Business owners who disregard a statewide stay-at-home order and reopen could now face a Class A misdemeanor under an emergency rule Gov. J.B. Pritzker’s administration filed late last week.

The new enforcement provision comes as the state nears the beginning of a third month under Pritzker’s stay-at-home order, which faces growing opposition.

Among the businesses the new rule targets are restaurants, bars, gyms and fitness centers, salons and barbershops, which have been ordered closed to serving customers on-site since March.

Under Illinois law, a Class A misdemeanor can carry a fine of $75 to $2,500.

In Pritzker’s reopening plan, the earliest any of the four regions of the state can advance to the next phase, when many restrictions are loosened, is May 29. To do so, a region must meet a series of public health bench marks.

All regions of the state are now on track to enter the third phase, when manufacturers, retailers, offices, barbershops and salons could reopen and fitness and health clubs could offer one-on-one training and outdoor classes, at the end of May.

Bars and restaurants wouldn’t be allowed to reopen until a region reaches the fourth phase in Pritzker’s plan. The earliest that could happen is late June.

Pritzker has said he would largely rely on local jurisdictions to enforce the statewide stay-at-home order that took effect March 21, and leave it to people to police themselves. At his daily briefing on April 23, the governor said he wasn’t “encouraging police officers to stop people and arrest them, or take drastic action.”

But last week, he threatened to hold back federal dollars from communities that buck his order, and said businesses that flout the restrictions would face enforcement measures by the state Department of Financial and Professional Regulation and licensing bodies.

The leaders of the Republican minorities in the Illinois House and Senate on Monday criticized Pritzker’s use of an emergency rule to allow businesses to be charged with a misdemeanor and predicted the rule would not stand a court challenge or make it through the rule-making process.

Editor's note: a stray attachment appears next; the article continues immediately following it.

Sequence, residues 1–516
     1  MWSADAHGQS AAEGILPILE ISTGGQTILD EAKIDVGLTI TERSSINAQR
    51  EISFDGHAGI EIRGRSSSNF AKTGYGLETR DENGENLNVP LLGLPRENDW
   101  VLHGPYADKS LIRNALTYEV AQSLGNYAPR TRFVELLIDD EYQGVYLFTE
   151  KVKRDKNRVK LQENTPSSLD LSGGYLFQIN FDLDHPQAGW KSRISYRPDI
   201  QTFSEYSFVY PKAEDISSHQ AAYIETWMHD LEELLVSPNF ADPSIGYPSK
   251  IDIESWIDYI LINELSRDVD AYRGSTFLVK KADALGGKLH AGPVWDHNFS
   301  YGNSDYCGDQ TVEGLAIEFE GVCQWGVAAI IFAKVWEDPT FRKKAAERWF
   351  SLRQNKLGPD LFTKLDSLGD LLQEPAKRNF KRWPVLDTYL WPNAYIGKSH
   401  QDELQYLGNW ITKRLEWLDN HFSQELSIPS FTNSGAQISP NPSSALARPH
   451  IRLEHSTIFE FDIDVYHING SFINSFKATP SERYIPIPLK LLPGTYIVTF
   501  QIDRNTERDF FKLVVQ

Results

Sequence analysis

“I just think this is wrong. People think this is wrong. We can and need to unify ourselves to bring ourselves together. This is just more division,” said Senate GOP leader Bill Brady of Bloomington.

House Republican leader Jim Durkin of Western Springs likened Pritzker’s action to an attempt to change workers’ compensation rules to assume that coronavirus-related illnesses were work related. Businesses fought the change and a court struck it down.

“A court will throw it out. This goes beyond the scope of the Illinois Department of Public Health,” Durkin said, calling it “overreach” on the part of the governor.

In a news conference, Durkin also called on members of the General Assembly to seek an audit of the Illinois Department of Employment Security over its problematic handling of record numbers of unemployment insurance claims, as well as revelations that personal data had been leaked from a new system to deal with gig workers.

“The responsible bipartisan thing to do is to call for a performance audit within IDES based on how they have managed the unemployment insurance problem and also to look into how this breech occurred,” Durkin said.

“We have a responsibility to the public. This is not a partisan issue. This is something that both the leaders in both chambers should embrace. We just can’t rely upon one person saying that we’ve got it under control,” he said.

The Republicans also called for the Democratic majority to join with them and support removing from the Nov. 3 ballot a proposed constitutional amendment to impose a graduated-rate income tax system to replace the state’s currently mandated flat-rate tax.

The leaders cited the coronavirus and the uncertain fate of jobs and businesses post-pandemic. Pritzker, who has made the change his signature issue, has contended the graduated tax is needed “more than ever” because of the virus’s effect on state revenues and Democratic lawmakers have shown no desire to take the item off the ballot.


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